Debuting filmmaker Jacob Bernstein delivers a moving biographical portrait of his mother, the late Nora Ephron, in his highly personal documentary co-directed with Nick Hooker. Chronicling the life and career of the screenwriter/director of such hits as Silkwood, When Harry Met Sally, Sleepless in Seattle and Julie & Julia, Bernstein takes full advantage of his access to family members and celebrity family-friends. Everything is Copy — Ephron’s motto that, for a writer, everything that happens in life, from good to bad, is fodder — is receiving its world premiere at the New York Film Festival prior to airing on HBO in March.
Ephron (1941-2012) was immersed in the show business world early on, growing up in Beverly Hills as the daughter of screenwriters Phoebe and Henry Ephron, whose credits include Carousel, Desk Set and Daddy Long Legs. After graduating from Wellesley College in 1962, she moved to New York and landed a job at the New York Post, having proven her abilities by writing for a Post parody during the newspaper strike. Her position led to a series of essays for such magazines as Esquire, excerpts of which are read in the film by stars including Lena Dunham, Reese Witherspoon, Meg Ryan, Rita Wilson and Gaby Hoffmann, all photographed in stark black and white.
Her marriage to famed Washington Post journalist Carl Bernstein notoriously ended in acrimony, which she acerbically fictionalized in her best-seller Heartburn. For what may be the first time, Bernstein comments about his opposition to the Mike Nichols film version — “No question about it, I didn’t want that movie made,” he tells his son — and reveals that he only agreed to grant Ephron a divorce if he was awarded joint custody of their two sons and if the film portrayed him as a devoted father.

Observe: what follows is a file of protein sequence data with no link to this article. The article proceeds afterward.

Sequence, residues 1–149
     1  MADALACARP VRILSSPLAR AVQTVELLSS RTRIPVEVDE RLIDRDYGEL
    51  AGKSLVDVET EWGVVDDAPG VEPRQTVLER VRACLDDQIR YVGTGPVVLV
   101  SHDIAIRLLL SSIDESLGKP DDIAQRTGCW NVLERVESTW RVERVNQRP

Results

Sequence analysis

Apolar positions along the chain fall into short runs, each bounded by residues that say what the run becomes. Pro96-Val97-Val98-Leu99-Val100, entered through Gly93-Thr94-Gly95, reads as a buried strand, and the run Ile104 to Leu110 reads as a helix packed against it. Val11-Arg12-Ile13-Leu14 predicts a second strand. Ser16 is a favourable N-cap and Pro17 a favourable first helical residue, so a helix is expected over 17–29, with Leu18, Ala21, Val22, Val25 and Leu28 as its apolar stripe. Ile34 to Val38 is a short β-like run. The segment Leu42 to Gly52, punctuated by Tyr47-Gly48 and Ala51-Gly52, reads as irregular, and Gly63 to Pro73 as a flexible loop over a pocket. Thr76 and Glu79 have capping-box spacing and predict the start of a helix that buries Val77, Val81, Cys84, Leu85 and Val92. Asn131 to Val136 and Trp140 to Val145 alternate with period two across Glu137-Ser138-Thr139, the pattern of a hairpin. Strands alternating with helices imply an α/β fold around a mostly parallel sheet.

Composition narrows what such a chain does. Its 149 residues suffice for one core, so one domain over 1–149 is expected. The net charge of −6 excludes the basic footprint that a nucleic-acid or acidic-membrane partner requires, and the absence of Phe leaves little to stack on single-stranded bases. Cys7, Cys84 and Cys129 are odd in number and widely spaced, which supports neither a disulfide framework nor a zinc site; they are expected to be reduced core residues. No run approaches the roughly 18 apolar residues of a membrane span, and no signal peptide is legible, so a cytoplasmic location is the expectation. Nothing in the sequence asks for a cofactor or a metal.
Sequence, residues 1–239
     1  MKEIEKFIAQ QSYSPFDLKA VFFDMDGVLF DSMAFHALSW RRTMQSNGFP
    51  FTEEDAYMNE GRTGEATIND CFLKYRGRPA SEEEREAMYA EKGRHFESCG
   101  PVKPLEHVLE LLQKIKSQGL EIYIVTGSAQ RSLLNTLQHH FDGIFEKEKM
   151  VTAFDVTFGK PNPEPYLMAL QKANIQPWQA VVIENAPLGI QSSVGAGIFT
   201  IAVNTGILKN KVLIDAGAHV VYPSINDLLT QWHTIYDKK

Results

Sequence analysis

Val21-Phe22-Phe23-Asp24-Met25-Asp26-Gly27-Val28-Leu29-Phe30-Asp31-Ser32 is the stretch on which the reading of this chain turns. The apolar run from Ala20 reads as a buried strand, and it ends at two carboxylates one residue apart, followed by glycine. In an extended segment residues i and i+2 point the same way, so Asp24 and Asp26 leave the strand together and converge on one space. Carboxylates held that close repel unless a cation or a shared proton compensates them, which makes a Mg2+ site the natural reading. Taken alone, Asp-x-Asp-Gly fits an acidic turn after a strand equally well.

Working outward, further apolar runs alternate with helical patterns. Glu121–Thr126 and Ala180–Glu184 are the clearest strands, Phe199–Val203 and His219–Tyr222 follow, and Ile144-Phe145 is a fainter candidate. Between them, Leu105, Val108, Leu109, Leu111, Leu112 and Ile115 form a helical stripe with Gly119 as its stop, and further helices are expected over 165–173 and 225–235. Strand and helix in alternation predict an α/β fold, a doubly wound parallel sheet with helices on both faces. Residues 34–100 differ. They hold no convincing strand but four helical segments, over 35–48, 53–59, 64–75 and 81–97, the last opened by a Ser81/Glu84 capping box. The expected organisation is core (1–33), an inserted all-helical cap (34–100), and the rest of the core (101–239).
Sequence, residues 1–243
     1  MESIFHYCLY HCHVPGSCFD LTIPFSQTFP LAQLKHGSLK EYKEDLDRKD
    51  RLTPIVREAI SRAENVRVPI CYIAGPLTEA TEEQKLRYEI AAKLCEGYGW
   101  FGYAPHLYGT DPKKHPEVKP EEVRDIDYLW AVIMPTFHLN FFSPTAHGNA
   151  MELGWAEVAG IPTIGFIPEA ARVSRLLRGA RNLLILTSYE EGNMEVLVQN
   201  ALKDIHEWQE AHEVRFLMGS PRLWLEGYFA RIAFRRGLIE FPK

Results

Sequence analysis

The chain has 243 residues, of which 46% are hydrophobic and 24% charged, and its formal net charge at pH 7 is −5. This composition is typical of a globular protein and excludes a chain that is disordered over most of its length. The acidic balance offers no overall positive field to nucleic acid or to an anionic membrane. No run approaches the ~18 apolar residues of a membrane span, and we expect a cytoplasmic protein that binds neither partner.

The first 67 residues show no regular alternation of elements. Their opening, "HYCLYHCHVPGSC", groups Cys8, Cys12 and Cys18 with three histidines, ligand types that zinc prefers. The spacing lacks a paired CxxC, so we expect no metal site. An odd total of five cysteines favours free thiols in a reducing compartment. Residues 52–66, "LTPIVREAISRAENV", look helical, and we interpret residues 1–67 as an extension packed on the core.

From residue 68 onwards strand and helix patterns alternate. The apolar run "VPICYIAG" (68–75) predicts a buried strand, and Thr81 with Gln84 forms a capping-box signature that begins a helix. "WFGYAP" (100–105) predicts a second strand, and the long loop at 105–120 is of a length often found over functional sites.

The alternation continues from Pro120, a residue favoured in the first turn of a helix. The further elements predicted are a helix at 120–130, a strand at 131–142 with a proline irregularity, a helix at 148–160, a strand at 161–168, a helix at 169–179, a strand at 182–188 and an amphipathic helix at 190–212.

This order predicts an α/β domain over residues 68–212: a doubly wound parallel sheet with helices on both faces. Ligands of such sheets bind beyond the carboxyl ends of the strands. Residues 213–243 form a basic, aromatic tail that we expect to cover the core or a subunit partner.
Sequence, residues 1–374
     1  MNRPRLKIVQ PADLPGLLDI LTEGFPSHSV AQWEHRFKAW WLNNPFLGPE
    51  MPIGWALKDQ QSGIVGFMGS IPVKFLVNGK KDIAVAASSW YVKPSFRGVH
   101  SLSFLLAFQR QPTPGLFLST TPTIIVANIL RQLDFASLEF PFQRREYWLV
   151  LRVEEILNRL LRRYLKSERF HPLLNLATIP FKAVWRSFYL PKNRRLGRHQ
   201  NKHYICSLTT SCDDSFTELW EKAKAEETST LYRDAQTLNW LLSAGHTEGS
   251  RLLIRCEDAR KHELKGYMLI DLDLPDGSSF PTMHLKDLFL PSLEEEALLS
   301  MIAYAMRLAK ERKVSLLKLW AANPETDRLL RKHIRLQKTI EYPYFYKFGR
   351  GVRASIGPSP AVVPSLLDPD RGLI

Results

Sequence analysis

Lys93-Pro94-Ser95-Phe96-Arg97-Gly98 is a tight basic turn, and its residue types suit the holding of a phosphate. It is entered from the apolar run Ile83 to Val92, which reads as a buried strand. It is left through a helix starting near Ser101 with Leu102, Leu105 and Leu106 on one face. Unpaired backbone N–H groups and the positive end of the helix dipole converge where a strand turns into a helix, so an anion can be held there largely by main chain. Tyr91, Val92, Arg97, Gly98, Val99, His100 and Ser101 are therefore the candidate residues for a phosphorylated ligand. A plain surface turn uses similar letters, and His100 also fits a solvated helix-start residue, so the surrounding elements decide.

In one of the film’s more affecting moments, Bernstein wonders aloud if the book and film had affected his son’s feelings towards him.
“For a while, it did,” Jacob admits.
A slew of famous faces testify as to Ephron’s combination of sharp, sarcastic humor and tender warmth, the latter of which came to fuller fore after her marriage to writer Nick Pileggi, described by more than one friend as the great love of her life. Among those offering observations are Tom Hanks, Rob Reiner, Steven Spielberg, Meryl Streep, Gay Talese and Barry Diller, the latter humorously recalling that Ephron had fired him from their high school newspaper.
Ephron’s three sisters — Delia, Amy and Hallie — are also interviewed, with frequent collaborator Delia delivering an evocative Freudian slip.
“Two days before we died,” she begins one story, before realizing her mistake. “We died … do you believe that?” she asks, shaking her head.
The subject’s wit is also on ample display via clips from her televised interviews with such talk show hosts as Dick Cavett, Charlie Rose and David Letterman.
The film comprehensively covers Ephron’s multi-faceted career, from books to films to comic essays to plays. And while it spends much time on her hits, it doesn’t neglect the time she served in “movie jail” with such flops as Lucky Numbers and Mixed Nuts.
The most affecting portion of Everything is Copy concerns Ephron’s illness that led to her death at age 71. The film’s title proves ironic, as Ephron, who mined every aspect of her life for material, kept her fatal condition a secret from practically everyone, including almost all those closest to her. Longtime friend Liz Smith says that it was because Ephron was a “control freak” and this was one story she couldn’t control. Others say it was because she wanted to keep working and was worried she’d be denied the opportunity if her health issues were known. Either way, her decision to remain mum merely adds another level of complexity to a supremely talented woman who — judging by the tears freely flowing in the film — was as loved as she was admired.
Production: HBO Documentary Films, Consolidated Pictures
Director/screenwriter: Jacob Bernstein
Co-director: Nick Hooker
Producers: Carly Hugo, Matt Parker
Executive producers: Graydon Carter, Annabelle Dunne
Director of photography: Bradford Young
Editor: Bob Eisenhardt
Not rated, 89 minutes